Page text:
The first time I heard the Afghan Whigs, they scared me. I was about twenty years old, and while I was not prim and proper, I had a frigging lot to learn. The tones of anger, which projected both outward and inward, that colored Greg Dulli’s vocals in the songs on their seminal album Gentlemen translated to menace in my ears.

It took me a couple of years to come around, and I don’t remember how it happened, but it seems like I went from being horrified by them one day to wanting to be all up in Greg Dulli’s business the next day. My then-husband and I set about collecting every album, EP, single, video, magazine article and any other items emblazoned with “The Afghan Whigs” that we could get our hands on (I retained possession of the collection when the husband and I split up, possibly because he feared grievous bodily harm if he tried to come between me and my treasures). They became, and remain, my favorite band.

“I’ve got a dick for a brain…”

If I had to use only one word to describe the Afghan Whigs cannon, it would be “swagger”. The story set forth when listening to their albums in chronological order is one of a group of angry, young punks who got into their mamas’ Stax and Motown collections one day, put on suave suits and never looked back. The anger remained, but now it was topped by a layer of strutting, smooth-talking cockiness.

Gentlemen is considered by many to be the Afghan Whigs’ masterpiece, concisely marrying their early punk energy to the soul spirit that would become their trademark. While their earlier albums showed promise, they were scattered, directionless. Gentlemen was a clear vision, sharp, slickly jagged, cleanly dirty.

The Afghan Whigs – Be Sweet

Their next effort – and one of my all-time favorite albums – Black Love, pushed the music further into soul territory while still retaining a metallic edge. A Curtis Mayfield influence weaves itself throughout, wrapping around images of sex, violence and religion. The whole album is a challenge: Step up or be stomped.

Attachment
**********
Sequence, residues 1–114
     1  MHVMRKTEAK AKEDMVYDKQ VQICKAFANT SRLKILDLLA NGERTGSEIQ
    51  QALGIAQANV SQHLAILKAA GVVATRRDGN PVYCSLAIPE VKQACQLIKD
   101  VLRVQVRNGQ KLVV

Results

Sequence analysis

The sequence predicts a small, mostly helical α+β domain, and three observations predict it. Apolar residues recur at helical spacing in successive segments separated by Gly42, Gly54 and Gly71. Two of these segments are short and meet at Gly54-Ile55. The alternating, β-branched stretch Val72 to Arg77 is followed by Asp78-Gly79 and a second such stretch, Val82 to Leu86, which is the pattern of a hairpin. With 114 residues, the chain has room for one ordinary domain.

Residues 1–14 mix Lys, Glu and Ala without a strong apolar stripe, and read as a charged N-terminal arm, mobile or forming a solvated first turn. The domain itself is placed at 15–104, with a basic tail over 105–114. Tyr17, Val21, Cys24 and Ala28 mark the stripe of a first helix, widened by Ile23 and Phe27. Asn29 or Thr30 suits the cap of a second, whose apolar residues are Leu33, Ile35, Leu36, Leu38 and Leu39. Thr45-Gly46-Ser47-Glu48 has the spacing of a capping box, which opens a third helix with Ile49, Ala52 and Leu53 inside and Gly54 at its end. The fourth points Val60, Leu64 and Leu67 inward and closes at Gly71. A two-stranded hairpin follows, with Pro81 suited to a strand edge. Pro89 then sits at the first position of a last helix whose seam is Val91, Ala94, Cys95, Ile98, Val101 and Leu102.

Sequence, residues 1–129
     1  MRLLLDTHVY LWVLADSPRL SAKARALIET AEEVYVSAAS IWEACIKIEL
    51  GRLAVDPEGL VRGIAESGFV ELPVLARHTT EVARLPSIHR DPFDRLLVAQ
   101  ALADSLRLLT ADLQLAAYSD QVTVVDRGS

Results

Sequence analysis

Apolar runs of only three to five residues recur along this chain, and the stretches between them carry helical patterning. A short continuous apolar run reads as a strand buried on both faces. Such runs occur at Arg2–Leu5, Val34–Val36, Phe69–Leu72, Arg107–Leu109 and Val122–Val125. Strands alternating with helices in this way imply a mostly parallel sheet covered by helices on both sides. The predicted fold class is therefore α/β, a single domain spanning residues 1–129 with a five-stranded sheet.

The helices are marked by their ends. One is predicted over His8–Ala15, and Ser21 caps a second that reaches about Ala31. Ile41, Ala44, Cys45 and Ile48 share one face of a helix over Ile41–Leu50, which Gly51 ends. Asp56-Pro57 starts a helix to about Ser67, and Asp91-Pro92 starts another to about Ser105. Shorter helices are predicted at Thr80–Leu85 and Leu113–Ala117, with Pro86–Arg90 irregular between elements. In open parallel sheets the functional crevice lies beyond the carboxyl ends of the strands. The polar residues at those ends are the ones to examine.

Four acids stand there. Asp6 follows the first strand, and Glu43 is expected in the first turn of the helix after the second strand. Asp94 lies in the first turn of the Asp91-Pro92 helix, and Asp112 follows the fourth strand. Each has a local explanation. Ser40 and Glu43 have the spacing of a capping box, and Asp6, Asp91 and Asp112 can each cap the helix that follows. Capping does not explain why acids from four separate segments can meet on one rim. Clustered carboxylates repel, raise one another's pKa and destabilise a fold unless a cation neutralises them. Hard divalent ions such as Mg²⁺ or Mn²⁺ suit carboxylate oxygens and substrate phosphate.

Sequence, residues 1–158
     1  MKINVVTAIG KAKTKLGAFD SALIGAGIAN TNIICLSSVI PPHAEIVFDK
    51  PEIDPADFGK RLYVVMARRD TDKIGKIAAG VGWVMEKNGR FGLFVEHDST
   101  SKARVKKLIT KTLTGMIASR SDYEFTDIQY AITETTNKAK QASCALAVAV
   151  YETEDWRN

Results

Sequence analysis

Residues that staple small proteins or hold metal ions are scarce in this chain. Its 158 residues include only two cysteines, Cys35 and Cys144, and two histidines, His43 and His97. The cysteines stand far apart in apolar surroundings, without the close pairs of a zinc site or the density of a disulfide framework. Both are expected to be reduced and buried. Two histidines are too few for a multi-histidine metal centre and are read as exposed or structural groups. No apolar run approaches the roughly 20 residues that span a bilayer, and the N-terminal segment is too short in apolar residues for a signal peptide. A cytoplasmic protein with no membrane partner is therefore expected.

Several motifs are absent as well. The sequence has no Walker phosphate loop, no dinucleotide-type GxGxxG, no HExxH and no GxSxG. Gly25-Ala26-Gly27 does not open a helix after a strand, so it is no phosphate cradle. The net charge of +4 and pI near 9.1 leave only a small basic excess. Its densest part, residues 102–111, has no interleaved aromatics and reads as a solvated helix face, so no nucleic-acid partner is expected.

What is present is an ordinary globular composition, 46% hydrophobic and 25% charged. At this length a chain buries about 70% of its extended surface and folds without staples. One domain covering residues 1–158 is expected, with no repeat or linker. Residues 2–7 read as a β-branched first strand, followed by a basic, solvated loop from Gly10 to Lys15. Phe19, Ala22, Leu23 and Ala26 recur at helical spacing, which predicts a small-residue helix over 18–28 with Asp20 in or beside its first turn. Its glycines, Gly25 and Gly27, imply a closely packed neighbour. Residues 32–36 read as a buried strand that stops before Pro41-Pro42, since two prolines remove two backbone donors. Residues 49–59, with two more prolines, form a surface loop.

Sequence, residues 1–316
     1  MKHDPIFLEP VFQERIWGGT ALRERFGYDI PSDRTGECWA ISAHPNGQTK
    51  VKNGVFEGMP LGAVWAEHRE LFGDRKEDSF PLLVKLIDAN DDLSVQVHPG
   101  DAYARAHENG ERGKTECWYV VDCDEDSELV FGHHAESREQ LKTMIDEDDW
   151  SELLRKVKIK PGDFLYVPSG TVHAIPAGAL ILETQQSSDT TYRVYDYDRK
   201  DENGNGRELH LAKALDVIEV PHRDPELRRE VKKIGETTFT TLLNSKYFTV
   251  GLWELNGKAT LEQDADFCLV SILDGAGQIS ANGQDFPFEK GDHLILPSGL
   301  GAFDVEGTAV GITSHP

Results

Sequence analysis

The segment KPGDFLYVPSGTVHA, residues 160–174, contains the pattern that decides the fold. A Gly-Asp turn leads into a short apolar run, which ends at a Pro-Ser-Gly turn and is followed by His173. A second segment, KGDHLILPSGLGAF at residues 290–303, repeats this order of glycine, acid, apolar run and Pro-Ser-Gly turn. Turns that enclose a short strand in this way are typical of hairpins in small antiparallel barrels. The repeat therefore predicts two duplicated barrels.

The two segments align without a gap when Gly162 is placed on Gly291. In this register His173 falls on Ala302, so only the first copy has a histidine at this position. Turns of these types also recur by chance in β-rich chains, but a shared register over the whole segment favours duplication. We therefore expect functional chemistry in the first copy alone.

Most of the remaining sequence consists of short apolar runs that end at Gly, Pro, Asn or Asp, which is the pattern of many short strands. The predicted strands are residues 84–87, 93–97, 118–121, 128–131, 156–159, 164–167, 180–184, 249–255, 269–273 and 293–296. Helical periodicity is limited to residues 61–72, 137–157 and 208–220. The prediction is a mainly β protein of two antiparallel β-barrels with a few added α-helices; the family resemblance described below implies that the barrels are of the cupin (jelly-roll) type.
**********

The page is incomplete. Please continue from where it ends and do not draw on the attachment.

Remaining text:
Then everything fell apart in the glorious mess that was 1965. It is an unrepentant party album, though it still carries Dulli’s characteristic Catholic guilt and flashes of brilliance within its decadent atmosphere.

“And my brain is gonna sell my ass to you.”

The Afghan Whigs became known for their way with a cover song, often taking songs that seemed innocuous, cutting them open and turning them inside out to expose their viscera. Songs like the Supremes’ “My World Is Empty Without You” and Freda Payne’s “Band of Gold” became suicide notes of abandonment in their hands. Al Green’s “Beware” turned from a plea to a threat. And if you never thought you’d want to get naked to a song from The Wizard of Oz, just listen as the quartet turns “If I Only Had a Heart” into a slinky, steamy torch song.

The Afghan Whigs-If I Only Had A Heart

In 2001, the Afghan Whigs went their separate ways (with a two-song reunion in 2006 for their Rhino Records retrospective Unbreakable), McCollum, Curley and their Spinal Tap-esque succession of drummers moving on to other projects, but none as successfully as Dulli. He has released four albums under the aegis of the Twilight Singers, with a fifth album on the way as of this writing. Additionally, he put out a solo album in 2005, an album with Mark Lanegan as the Gutter Twins in 2008 and in 2005, played in a live-only covers band called Uptown Lights – along with numerous other production jobs and guest spots.

Greg Dulli will be embarking on his first solo tour this October and on through November, playing stripped-down versions of his songs – including Afghan Whigs and Twilight Singers titles. He’ll hit the Grog Shop in Cleveland on October 16.

Summer’s Kiss: A Greg Dulli, Afghan Whigs, Twilight Singers & Gutter Twins Compendium

The Twilight Singers Official Website

The Gutter Twins Official Website

Moon Maan Official Website (Rick McCollum)

Staggering Statistics Official Webstie (John Curley)

Ultrasuede Studio (John Curley)

Rebirth of the Cool: Wolf Like Me

Moving forward in time for this edition of Rebirth of the Cool, our origin song of the day is “Wolf Like Me” by the incredible TV on the Radio. This was one of the first TVOTR songs I heard (along with “Providence” and “Dry Drunk Emperor”) when a savvy friend recommended them to me back in 2007. It was love at first listen.


(Sidenote: Kudos to Jimmy Kimmel for bringing the feel of an intimate concert hall into the studio, thus encouraging better performances.)

Local H – whose cover of Britney Spears’ “Toxic” helps me feel less guilty about liking that song – took a crack at “Wolf”. They imbue the song with their characteristic immediacy and bring the emotional center of the song from the hips up to the chest.


Then along came Dulli. Greg Dulli has long been a purveyor of fascinating, gorgeous, twisted covers, from Paul K. and the Weathermen’s “Amphetamines and Coffee” to “The Temple” from Jesus Christ Superstar to Al Green’s “Beware” to Prince’s “When Doves Cry” to all sorts of others in between. His take, with the Twilight Singers, of “Wolf” strips it down to its raw core.